'a not bad' / 'not a bad' fellow

Discussion in 'English Only' started by navi, May 21, 2009.

  1. navi Banned

    armenian
    Which are correct:

    1-He looked like not a bad fellow.
    2-He seemed not a bad fellow.

    3-He looked like a not bad fellow.
    4-He seemed a not bad fellow.


    I don't use sentences such as these and go for the usual structure, ie. 'He didn't look like a bad fellow.' but I think these four sentences are not incorrect although 1 and 2 are probably more common. As usual, I am not sure, or else I wouldn't have asked.
     
  2. Dimcl Senior Member

    British Columbia, Canada
    Canadian English
    I tend to agree with you. Although they sound awkward because we hear them far less often, 3 and 4 are, I think, perfectly grammatical. To my mind, there is a difference in emphasis, though.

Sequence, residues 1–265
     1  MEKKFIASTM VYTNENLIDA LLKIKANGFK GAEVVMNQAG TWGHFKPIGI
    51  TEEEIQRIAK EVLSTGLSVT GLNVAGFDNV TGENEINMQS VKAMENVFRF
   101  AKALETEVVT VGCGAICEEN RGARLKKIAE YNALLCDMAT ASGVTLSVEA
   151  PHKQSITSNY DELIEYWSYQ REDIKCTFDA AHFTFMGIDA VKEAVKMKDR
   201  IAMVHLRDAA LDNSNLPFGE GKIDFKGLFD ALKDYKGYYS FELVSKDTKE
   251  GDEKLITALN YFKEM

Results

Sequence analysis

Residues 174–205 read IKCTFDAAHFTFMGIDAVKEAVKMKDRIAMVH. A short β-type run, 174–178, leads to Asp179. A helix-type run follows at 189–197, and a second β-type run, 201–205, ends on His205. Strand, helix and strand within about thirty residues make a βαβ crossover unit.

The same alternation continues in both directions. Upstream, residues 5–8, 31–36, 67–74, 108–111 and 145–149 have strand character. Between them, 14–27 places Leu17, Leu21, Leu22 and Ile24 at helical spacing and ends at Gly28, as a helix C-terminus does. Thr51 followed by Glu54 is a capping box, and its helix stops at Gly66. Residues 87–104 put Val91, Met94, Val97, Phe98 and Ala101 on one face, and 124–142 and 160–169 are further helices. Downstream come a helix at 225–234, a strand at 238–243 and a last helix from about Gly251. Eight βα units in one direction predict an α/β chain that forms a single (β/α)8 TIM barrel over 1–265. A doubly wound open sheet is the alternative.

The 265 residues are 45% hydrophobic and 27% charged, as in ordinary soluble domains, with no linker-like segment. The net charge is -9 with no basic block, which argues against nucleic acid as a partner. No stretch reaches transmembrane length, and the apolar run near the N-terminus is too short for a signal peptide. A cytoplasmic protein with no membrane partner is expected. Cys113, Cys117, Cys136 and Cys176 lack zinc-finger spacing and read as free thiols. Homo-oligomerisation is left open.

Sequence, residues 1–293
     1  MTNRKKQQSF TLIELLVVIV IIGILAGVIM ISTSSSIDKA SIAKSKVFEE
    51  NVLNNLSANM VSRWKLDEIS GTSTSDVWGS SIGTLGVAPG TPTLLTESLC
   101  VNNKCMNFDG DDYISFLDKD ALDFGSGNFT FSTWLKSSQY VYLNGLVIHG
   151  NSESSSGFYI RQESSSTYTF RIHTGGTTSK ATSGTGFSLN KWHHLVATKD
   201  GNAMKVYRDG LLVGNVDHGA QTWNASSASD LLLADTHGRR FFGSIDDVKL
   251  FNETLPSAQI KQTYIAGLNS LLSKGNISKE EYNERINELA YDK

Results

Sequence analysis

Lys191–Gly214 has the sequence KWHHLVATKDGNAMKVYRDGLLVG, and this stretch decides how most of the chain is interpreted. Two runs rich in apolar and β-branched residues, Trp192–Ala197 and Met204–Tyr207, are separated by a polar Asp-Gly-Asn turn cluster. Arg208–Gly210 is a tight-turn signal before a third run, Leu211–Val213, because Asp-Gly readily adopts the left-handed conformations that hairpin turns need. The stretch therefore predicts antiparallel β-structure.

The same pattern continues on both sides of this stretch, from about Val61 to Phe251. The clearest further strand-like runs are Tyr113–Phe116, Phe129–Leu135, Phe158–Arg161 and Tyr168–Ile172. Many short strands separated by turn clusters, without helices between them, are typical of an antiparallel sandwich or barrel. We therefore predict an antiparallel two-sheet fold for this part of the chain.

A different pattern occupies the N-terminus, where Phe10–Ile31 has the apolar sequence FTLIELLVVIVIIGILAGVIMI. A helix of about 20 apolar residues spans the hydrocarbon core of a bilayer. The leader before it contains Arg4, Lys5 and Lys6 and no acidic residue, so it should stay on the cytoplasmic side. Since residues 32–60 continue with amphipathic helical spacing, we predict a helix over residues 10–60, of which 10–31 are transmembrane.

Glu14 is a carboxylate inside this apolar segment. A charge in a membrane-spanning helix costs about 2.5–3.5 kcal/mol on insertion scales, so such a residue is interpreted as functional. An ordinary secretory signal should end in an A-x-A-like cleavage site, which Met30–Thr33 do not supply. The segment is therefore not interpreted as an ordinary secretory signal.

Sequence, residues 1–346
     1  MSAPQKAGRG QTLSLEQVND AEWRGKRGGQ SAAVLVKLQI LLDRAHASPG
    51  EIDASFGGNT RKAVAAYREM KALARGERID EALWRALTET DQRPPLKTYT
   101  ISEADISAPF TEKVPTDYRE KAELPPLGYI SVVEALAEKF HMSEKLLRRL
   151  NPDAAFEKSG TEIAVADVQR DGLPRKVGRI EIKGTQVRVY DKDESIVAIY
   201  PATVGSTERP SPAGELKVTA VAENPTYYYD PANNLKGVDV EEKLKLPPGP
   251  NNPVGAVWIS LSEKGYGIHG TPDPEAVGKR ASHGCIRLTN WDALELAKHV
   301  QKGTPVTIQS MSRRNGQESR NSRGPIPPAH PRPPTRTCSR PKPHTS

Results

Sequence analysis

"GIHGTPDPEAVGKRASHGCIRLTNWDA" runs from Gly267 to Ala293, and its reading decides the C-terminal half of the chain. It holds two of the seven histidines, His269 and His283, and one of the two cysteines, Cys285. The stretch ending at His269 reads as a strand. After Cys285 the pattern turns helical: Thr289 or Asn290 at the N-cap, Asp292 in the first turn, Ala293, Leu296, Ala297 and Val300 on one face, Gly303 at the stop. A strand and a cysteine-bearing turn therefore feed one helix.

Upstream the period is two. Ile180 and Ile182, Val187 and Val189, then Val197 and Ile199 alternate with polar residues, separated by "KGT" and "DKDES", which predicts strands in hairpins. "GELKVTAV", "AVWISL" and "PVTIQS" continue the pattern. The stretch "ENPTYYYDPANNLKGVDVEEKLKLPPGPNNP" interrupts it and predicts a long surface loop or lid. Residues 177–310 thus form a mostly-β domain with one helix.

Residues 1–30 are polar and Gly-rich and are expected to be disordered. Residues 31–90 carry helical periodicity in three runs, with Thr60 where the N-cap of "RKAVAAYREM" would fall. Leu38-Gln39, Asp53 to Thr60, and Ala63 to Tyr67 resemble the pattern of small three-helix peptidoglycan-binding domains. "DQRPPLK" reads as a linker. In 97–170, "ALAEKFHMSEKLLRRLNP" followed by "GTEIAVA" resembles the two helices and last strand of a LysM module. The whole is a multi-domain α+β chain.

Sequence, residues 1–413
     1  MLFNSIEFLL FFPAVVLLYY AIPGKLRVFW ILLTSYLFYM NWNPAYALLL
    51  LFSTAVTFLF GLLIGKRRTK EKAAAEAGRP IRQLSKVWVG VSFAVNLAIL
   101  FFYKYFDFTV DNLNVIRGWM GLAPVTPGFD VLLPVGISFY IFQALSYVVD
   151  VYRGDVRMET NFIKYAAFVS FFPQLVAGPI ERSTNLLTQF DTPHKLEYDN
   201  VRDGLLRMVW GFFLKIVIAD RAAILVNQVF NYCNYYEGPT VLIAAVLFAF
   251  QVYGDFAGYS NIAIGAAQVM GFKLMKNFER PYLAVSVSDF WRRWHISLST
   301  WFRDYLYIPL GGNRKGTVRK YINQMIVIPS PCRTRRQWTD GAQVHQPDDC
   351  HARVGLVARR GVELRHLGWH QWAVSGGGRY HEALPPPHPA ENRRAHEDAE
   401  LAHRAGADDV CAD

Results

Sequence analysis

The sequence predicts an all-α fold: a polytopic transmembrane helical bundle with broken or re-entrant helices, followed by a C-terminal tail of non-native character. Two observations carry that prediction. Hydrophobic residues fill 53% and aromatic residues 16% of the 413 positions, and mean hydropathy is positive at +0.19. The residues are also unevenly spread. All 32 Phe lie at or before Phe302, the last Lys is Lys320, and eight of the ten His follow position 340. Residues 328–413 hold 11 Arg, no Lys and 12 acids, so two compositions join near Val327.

"He seemed not a bad fellow"(2) puts the stress of "not" on "seemed" ie. "He seemed not...". "He seemed a not bad fellow" puts the stress of "not" on "bad" ie. "...not bad".

    "He seemed not a bad fellow" = "He does not seem to be a bad fellow"

    "He seemed a not bad fellow" = "He seemed to be a good fellow"
     
  3. boozer Senior Member

    Bulgaria
    Bulgarian
    How about moving the "a" to another place? E.g. "He seemed not bad a fellow" instead of "He seemed a not bad fellow"...
     
  4. Dimcl Senior Member

    British Columbia, Canada
    Canadian English
    No, sorry, boozer, this is grammatically incorrect.
     
  5. navi Banned

    armenian
    Thanks Dimcl,
    So just to be sure about thism one cannot say:

    a-That was not bad a deal.

    At first this sentence sounded wrong to me, but then I started having doubts!
     
  6. Dimcl Senior Member

    British Columbia, Canada
    Canadian English
    You're right - this sentence is not correct.
     
  7. mplsray Senior Member

    Otto Jespersen said of the litotes "not uncommon" that it is not equal to "common": It is weaker. I expect he would say the same thing about "He seemed a not bad fellow." It's not equal to "He seemed a good fellow" but is somewhat weaker.
     

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